What would you do if every tax haven (e.g. BVI) company under your control is required by law to hire full-time qualified employees there and incur an adequate amount of operating expenditure to carry out the activities that they claim to be engaged in?
In Tax Tips (13), the issue of tax residency of tax haven companies was discussed. Smart corporates will be able to ensure that the tax residencies of their tax haven entities are properly managed and thus would not create tax exposures. That does not necessarily mean that these companies can continue to book un-taxed profits with no substance. The BEPS machine is not stopping.
Last month, the OECD Inclusive Framework on BEPS: Action 5 issued a paper called “Resumption of Application of Substantial Activities Factor to No or Only Nominal Tax Jurisdictions” (the “Paper”), which sets out the substance requirements for tax havens. To the tax havens around the world, this Paper could be the last straw on the camel’s back (incidentally, tax havens such as the BVI, Cayman Islands etc are members of the Inclusive Framework).
The OECD issued the report “Harmful Tax Competition: An Emerging Global Issue” in 1998 (“the 1998 Report”) setting out a framework for approaching the perceived problem that certain no or only nominal tax jurisdictions (i.e., tax havens) and harmful preferential tax regimes “affect the location of financial and other service activities, erode the tax bases of other countries, distort trade and investment patterns and undermine the fairness, neutrality and broad social acceptance of tax systems”. The 1998 Report called this “harmful tax practices,” and built a framework to assess these practices. The aim was to deliver a level playing field between jurisdictions in a context where taxpayers can easily relocate their mobile activities in response to tax considerations.
The framework for assessing whether a jurisdiction is a tax haven is based on four criteria:
(a) whether a jurisdiction imposes no or only nominal taxes;
(b) lack of effective exchange of information;
(c) lack of transparency and
(d) the absence of a requirement that the activity be substantial.
Notwithstanding, in 2001 the Forum on Harmful Tax Practice decided to only determine whether or not a jurisdiction was considered uncooperative on the basis of the first three criteria, and focused on making them cooperative and transparent.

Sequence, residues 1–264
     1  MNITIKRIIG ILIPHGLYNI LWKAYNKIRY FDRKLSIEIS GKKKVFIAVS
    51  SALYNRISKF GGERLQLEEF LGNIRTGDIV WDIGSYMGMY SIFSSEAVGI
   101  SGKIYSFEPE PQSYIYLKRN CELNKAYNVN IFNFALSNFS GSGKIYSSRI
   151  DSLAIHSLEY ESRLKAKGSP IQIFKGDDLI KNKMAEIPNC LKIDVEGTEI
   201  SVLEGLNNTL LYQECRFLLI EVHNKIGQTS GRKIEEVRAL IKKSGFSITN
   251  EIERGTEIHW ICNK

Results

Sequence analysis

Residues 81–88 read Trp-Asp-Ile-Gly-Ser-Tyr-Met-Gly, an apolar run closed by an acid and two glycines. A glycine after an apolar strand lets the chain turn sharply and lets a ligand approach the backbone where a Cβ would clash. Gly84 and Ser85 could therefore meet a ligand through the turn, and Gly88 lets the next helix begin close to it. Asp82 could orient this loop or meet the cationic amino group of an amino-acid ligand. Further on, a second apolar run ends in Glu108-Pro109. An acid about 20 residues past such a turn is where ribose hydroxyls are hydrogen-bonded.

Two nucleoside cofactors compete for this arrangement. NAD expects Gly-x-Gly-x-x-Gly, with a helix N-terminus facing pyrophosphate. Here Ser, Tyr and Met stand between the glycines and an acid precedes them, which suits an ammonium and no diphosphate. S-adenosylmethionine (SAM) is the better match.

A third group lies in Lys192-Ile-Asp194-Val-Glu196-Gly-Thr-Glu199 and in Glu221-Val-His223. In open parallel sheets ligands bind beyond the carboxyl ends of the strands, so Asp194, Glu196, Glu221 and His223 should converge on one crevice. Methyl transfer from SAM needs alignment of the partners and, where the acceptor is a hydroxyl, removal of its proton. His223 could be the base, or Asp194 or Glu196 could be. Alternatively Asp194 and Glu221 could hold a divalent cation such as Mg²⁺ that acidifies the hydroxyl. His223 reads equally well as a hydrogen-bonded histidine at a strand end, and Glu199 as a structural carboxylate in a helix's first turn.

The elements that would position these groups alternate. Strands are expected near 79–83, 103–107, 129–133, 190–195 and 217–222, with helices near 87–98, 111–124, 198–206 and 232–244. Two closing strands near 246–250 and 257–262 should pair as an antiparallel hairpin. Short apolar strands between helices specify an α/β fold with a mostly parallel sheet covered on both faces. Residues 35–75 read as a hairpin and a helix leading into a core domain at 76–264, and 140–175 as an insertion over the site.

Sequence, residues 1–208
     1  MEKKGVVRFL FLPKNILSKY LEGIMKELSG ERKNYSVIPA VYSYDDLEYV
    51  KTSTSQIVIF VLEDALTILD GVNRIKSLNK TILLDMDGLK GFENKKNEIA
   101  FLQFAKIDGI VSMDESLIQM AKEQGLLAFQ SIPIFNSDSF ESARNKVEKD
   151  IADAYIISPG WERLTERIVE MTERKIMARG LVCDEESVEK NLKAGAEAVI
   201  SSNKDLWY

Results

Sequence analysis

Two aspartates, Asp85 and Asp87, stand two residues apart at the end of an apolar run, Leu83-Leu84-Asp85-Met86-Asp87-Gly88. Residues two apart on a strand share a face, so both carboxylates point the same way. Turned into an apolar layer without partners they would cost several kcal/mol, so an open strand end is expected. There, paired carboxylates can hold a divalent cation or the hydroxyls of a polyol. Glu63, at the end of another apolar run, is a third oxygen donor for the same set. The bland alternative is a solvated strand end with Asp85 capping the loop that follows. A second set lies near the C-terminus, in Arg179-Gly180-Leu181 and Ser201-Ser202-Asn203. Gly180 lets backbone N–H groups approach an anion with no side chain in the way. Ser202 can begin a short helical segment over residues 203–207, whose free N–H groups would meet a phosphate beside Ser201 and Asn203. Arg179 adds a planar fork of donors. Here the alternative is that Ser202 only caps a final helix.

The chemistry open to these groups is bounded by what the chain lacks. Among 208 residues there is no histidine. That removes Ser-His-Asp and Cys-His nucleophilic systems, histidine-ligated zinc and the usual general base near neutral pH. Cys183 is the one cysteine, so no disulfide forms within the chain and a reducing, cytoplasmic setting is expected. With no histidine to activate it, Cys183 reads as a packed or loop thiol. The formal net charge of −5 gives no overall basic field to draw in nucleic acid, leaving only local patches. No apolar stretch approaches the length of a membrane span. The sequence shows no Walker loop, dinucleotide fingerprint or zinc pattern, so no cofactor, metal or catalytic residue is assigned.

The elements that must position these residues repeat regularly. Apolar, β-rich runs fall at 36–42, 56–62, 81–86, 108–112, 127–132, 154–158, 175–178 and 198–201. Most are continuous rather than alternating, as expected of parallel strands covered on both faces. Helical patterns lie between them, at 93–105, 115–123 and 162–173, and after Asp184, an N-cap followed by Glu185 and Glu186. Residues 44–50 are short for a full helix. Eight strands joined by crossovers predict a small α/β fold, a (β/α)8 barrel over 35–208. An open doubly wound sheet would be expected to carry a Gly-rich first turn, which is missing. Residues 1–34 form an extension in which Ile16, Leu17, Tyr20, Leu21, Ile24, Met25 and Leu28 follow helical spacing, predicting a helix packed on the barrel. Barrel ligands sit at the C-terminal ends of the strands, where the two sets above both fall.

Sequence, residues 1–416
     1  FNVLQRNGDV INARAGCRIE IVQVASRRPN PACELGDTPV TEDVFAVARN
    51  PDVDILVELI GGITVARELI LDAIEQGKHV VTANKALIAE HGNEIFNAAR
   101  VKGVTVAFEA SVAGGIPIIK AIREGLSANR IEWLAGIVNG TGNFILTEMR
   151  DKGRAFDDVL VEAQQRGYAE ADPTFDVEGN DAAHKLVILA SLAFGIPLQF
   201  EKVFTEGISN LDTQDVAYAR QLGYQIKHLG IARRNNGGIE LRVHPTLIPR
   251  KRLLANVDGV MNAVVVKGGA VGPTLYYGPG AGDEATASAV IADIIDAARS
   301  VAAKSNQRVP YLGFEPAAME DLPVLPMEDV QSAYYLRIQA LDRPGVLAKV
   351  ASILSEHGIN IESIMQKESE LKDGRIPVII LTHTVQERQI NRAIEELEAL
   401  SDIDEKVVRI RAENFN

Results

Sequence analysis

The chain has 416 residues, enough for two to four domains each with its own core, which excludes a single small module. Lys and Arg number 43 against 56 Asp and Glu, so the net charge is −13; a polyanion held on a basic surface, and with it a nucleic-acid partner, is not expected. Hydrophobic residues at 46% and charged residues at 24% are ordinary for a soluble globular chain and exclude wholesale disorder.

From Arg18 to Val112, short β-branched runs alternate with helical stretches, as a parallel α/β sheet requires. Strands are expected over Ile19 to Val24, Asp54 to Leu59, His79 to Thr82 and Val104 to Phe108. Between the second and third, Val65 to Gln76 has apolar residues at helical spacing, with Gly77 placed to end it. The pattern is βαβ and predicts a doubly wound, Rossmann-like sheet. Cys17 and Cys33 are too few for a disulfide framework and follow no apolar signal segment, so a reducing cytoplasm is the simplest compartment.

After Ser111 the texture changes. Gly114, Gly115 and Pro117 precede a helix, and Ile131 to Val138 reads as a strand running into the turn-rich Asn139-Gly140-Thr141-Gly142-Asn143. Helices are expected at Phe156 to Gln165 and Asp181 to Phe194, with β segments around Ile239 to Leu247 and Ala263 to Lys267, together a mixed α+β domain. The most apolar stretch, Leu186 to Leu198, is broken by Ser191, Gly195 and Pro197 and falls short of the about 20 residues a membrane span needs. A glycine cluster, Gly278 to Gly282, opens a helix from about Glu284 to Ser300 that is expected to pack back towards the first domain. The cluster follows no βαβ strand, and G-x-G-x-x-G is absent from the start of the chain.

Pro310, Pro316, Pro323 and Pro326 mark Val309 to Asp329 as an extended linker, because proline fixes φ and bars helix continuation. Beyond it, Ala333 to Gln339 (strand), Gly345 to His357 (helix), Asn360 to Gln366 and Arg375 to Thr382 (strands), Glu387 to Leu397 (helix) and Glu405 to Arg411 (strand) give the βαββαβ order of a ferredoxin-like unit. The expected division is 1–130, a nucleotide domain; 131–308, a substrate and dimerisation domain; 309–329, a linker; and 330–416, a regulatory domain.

With the implementation of BEPS Action 5 and the peer review process to ensure tax breaks are only offered to substantive activities and only if they do not pose risks of harmful competition to others, the focus is now shifted to ensure that business activity does not simply relocate to tax haven in order to avoid the substance requirements. Against this background, the Inclusive Framework has decided to apply the Substantial Activities Requirements for tax havens.
The Scope of the Substantial Activities Requirements
The types of activities that are within the scope of the Substantial Activities Requirements are geographically mobile activities such as the provision of intangibles (i.e., intellectual property (“IP”) related activities) and Non-IP activities which includes headquarters, distribution centres, service centres, financing, leasing, fund management, banking, insurance, shipping and holding companies.
What are the Substantial Activities Requirements
For income from income not related to IP (“Non-IP Income), tax havens would be required to introduce laws to:
(i) define the core income generating activities for each relevant business sector;
(ii) ensure that the activities are undertaken by the entity (or are undertaken in the jurisdiction);
(iii) require the entity to have an adequate number of full-time employees with necessary qualifications and incurring an adequate amount of operating expenditures to undertake such activities; and
(iv) have a transparent mechanism to ensure compliance and provide an effective enforcement mechanism of the laws.
For income related to IP (“IP Income) derived from patents or similar assets, the core income generating activities would be the conducting of research and development activities with an adequate number of qualified full-time employees and adequate amount of operating expenditures. A similar requirement would apply where an entity is exploiting marketing IP assets such as trademarks, where the core income generating activities are branding, marketing, and distribution.
In other cases of IP Income, the entity would need to demonstrate that it is conducting strategic decision making, managing and bearing the principal risks relating to the development and subsequent exploitation of the IP asset, or carrying on the underlying trading activities through which the asset is exploited, with the adequate number of qualified full-time employees and an adequate amount of operating expenditures.
IP Income – Higher risk scenarios
Higher risk scenarios would be cases that involve related parties outside of the tax haven where (i) the entity has acquired the IP asset from related parties or through the entity funding research and development activities which took place outside the tax haven; and (ii) the IP asset is licensed or sold to related parties, or the exploitation is conducted by related parties outside the tax haven (e.g. foreign related parties are paid to develop and sell a product in which the intangible asset is embedded).